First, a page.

Your debt, your spending, and your vote

I recently came across two very interesting articles, accompanied by maps:

The analysis raises several interesting questions one wouldn’t normally consider. For example, concerning debt:

There really isn’t a clear pattern on the map: there are low-debt states sitting right next to high-debt states. The lowest debt-burdened people live in Washington, DC ($1,611), followed closely by Alaskans ($2,286). What could these places possibly have in common? The one exception can be found in the Deep South, where a cluster of blue and dark blue states all group together. Louisianans have the third lowest debt burden in the country, averaging only $6,140 per person. Other than that, personal debt levels swing wildly from state to state.

Here’s the key insight. A few different factors explain the wide-ranging differences. For example, people living in New York City probably don’t own a car, and many still rent an apartment. Compare that to Texas and Oklahoma, where most people own a home in the suburbs from which they commute to work in vehicle they also own. Simply, put, lifestyle choices go a long way in determining debt levels.

There’s more at the link.

And concerning expenditure:

There are a few obvious trends when you map the data for each state. First off, there’s a cluster of pink and red states grouped in the Northeast. The most expensive place on our map is Washington, DC ($56,843), followed by Massachusetts ($51,981). As a matter of fact, six of the top ten most expensive places are in the Northeast. It’s cliché that housing is expensive in New York, but there are a lot of other expensive states in the region too.

There’s also a collection [of] green states across the Deep South to the Southwest, stretching all the way from North Carolina ($33,779) to Nevada ($36,177) and even up to Oregon ($39,742). The cheapest place is Mississippi, where it costs only $30,200 to pay for life’s most common expenses.

. . .

Here’s another interesting trend. This map is a close approximation of the results for the 2016 election. East of the Mississippi River, every expensive state voted for Hillary Clinton, and every inexpensive state went for Donald Trump. The situation is a little convoluted out West, but it’s remarkable how the political divide mirrors an economic reality.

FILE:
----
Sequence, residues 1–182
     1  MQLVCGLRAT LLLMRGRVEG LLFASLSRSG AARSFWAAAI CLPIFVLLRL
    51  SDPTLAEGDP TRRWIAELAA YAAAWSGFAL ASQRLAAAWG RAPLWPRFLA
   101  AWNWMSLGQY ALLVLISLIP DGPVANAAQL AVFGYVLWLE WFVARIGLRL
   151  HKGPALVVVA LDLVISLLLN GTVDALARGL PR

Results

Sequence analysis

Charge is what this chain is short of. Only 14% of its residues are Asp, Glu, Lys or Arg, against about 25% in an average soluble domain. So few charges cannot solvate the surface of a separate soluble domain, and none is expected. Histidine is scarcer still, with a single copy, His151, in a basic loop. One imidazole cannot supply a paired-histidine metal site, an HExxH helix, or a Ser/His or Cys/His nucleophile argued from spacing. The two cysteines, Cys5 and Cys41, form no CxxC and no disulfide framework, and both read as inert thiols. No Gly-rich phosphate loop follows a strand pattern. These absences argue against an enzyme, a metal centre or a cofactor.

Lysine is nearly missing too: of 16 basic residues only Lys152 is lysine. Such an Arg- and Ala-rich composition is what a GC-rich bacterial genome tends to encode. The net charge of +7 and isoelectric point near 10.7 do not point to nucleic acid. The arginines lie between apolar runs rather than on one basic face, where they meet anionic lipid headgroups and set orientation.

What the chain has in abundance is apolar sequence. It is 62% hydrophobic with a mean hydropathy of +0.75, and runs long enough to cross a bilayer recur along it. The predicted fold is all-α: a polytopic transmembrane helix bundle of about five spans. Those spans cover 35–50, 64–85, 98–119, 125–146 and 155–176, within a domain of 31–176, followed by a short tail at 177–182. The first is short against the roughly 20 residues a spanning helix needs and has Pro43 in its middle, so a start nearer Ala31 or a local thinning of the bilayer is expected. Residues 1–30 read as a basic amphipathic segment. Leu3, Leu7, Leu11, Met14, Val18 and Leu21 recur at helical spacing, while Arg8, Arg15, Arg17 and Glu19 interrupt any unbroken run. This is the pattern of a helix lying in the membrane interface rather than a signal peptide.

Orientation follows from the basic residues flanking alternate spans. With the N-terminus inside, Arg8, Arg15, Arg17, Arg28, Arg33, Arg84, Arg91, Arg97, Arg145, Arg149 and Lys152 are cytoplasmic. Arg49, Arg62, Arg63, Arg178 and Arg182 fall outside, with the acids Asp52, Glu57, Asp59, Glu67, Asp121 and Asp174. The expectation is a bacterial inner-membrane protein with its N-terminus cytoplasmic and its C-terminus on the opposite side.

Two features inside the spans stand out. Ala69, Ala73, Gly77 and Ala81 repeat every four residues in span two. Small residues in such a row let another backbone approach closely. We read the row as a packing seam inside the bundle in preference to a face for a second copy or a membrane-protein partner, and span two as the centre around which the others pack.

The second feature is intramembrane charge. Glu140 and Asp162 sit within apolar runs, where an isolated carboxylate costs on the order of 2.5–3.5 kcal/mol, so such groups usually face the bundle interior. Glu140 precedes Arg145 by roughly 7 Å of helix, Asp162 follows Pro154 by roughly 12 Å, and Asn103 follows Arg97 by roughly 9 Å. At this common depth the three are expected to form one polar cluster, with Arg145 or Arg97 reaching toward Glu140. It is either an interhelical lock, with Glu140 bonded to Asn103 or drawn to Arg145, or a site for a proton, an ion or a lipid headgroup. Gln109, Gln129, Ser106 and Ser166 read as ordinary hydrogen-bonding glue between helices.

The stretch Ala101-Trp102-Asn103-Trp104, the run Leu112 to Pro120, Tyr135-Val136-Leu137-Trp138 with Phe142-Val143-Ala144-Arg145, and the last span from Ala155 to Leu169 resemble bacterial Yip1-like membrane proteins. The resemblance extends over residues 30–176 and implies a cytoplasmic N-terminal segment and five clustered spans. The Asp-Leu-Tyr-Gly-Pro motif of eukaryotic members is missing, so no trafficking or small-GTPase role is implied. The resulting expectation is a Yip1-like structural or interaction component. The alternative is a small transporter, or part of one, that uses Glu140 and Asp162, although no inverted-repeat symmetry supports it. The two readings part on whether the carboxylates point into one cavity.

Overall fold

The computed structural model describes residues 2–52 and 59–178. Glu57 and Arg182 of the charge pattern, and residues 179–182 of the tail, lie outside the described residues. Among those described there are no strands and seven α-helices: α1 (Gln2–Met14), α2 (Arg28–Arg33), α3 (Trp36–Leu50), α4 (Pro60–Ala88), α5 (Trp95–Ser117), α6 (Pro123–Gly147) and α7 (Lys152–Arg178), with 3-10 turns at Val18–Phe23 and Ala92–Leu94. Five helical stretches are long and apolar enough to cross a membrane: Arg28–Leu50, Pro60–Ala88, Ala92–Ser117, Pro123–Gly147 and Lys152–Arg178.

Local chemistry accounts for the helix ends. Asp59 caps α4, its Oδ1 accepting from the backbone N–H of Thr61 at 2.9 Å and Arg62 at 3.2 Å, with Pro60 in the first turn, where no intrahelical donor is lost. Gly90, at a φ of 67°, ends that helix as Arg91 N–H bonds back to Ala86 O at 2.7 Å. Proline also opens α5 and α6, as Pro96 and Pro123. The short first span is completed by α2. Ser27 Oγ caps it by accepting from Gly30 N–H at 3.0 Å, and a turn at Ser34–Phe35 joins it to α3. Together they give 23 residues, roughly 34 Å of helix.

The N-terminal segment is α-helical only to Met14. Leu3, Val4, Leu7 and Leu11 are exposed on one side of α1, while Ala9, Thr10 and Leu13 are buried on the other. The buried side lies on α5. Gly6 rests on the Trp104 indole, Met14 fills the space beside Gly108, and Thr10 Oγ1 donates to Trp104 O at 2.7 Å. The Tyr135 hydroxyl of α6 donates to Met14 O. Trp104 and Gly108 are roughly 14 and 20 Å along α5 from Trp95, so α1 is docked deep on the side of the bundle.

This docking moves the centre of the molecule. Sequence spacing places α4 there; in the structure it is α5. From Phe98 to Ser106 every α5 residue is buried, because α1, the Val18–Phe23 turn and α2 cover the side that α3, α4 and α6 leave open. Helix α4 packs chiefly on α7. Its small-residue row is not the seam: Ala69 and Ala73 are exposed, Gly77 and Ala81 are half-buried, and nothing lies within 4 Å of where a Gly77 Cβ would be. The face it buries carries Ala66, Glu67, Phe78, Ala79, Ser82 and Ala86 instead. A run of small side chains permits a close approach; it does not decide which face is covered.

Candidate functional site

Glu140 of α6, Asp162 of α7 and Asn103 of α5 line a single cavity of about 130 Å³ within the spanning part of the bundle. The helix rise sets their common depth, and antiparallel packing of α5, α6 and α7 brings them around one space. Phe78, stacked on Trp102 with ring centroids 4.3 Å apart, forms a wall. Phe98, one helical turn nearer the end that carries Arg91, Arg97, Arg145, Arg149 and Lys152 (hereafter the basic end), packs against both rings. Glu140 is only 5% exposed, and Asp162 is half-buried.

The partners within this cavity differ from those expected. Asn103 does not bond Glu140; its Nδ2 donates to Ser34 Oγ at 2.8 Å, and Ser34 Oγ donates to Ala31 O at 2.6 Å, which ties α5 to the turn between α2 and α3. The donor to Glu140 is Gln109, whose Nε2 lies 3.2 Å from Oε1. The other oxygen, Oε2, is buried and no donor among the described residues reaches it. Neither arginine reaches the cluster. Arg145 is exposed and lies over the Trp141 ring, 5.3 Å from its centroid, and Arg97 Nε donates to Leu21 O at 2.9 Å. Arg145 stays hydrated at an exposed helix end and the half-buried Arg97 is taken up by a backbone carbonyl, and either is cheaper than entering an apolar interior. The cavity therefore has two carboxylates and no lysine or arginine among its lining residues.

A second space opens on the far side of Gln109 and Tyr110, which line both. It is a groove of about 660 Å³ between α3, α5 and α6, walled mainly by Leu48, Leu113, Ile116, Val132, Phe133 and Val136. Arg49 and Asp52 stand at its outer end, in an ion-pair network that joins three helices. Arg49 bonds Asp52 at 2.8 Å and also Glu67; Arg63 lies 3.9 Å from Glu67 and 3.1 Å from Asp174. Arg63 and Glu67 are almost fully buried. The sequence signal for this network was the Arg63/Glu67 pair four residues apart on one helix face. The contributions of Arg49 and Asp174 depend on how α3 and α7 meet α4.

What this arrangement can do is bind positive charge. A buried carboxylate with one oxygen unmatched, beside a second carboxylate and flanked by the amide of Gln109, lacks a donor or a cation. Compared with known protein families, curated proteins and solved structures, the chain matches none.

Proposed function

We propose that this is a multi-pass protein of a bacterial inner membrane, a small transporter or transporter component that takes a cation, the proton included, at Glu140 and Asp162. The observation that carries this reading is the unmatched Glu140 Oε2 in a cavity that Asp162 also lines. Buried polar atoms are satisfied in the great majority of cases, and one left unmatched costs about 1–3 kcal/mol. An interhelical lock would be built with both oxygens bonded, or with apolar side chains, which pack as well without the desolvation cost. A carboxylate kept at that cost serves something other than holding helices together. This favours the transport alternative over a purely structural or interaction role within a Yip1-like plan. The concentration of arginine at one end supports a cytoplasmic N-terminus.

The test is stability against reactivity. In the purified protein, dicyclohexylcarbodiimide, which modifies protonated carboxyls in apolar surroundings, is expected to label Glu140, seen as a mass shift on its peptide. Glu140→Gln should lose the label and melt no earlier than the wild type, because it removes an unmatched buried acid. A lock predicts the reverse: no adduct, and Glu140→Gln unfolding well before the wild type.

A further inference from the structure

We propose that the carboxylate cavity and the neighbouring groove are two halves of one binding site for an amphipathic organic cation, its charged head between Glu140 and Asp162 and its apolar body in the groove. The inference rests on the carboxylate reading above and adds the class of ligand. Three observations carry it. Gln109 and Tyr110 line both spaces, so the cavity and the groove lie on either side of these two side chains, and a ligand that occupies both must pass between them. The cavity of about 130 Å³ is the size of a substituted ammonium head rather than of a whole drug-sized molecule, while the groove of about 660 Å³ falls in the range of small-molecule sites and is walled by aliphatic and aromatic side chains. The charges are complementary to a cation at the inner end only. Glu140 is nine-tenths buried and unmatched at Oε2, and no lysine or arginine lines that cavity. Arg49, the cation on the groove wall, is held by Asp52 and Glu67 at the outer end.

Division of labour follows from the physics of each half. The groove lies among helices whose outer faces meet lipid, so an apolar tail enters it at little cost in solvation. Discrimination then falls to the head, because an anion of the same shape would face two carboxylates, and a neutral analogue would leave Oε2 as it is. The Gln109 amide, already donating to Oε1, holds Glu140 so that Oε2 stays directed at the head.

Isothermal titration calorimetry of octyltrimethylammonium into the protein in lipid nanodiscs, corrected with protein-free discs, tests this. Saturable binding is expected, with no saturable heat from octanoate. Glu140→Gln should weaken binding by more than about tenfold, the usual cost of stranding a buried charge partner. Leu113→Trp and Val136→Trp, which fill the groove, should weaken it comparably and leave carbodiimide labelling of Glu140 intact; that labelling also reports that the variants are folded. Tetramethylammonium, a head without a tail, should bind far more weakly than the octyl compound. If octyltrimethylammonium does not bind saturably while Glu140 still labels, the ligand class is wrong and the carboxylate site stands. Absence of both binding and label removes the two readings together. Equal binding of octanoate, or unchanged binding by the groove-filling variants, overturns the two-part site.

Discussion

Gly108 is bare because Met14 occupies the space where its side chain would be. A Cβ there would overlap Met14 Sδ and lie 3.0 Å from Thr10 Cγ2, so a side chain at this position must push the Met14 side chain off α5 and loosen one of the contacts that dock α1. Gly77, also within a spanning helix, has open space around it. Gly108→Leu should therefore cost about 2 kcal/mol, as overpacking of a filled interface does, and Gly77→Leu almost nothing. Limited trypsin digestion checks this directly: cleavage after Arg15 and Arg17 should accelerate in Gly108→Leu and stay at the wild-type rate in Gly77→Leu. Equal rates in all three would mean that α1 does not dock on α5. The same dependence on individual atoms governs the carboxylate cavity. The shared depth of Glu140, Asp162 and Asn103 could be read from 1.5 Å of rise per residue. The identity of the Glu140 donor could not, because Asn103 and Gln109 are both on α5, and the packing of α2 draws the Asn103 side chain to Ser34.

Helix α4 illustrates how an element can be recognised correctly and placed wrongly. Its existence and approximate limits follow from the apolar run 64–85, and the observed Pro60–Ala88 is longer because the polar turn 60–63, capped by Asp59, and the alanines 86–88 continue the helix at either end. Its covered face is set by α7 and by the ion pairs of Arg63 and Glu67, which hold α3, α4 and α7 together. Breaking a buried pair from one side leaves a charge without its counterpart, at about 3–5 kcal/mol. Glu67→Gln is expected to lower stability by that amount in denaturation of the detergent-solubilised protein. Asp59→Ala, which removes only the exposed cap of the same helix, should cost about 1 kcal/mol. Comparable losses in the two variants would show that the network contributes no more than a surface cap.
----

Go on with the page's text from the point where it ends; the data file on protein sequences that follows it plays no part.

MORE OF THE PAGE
Again, more at the link.  Bold, underlined text is my emphasis.

I found it interesting that American’s expenditure was a direct correlation with/indicator of voting patterns, but not their indebtedness.  Food for thought.



  1. A couple of things jump out at me, with regard to debt.
    First, the level of debt will depend on ability to borrow. Poor people will have low debt (in terms of raw dollars, not necessarily in relation to income), because they can't borrow much.
    Second, rich(-ish) people often have high mortgage debt but also substantial assets – it's entirely possible, for example, to have $2 million in mortgage debt and $5 million in securities, and this situation makes sense if the yield on the securities is higher than the interest on the mortgage (and factoring in capital-gains tax on any securities liquidated to pay off the loan).
    I suspect the debt map would make more sense if it looked at debt minus assets, or debt-to-income ratio.

  2. This would make more sense if it omitted mortgage debt (since a mortgage payment is a substitute for a rent payment).

    I find the California number odd — if California debt is so low it implies a relatively low rate of home ownership or a lot of those expensive homes were purchased years ago and the mortgage is paid off.

  3. Thomas – Given how Proposition 13 has distorted the housing market in CA, yes, quite a few homes were purchased many years ago and are being held by the owners. Note also that in large cities, especially Los Angeles, current zoning and planning requirements effectively prevent the construction of new homes except for the very rich.

    I also find the numbers… odd, in some states; as with any survey or study, the details will make or break it – and no details are given about sample size, response rate, questions asked, normalization used, if any, etc. Without that information, any general claims such as these state comparisons have to be taken with not just a grain of salt, but the entire shaker!

  4. Even factoring Prop 13 I find the Ca numbers baffling. My husband and I didn’t buy in until we had been married 10 years because it took that long for the market to drop enough for our income to catch up. My husband’s cousin is trying to buy now and you can’t buy into a shitty area for less than $400k. Most people I know have no savings for retirement.

  5. Major debt sources – college, car, home, hospitalization, business ownership. If you don't have these, you don't have debt measured in decakilo dollars. Renters don't have mortgage debts, even though they may pay more per month. People who can take a bus to work and have neighborhood grocery stores don't need cars and the loans associated with them.

  6. Places like the SF Bay Area in point – it's hard to qualify for a Million dollar mortgage, but a fair number of home sales to foreign investors are all cash.

    This is an area where the 1100 sf condo we used to own (in a dodgy neighborhood) is valued at $550000. We sold it for $92,000 in 1988. And it was overpriced then relative to most of the country.

Leave a comment

Your email address will not be published. Required fields are marked *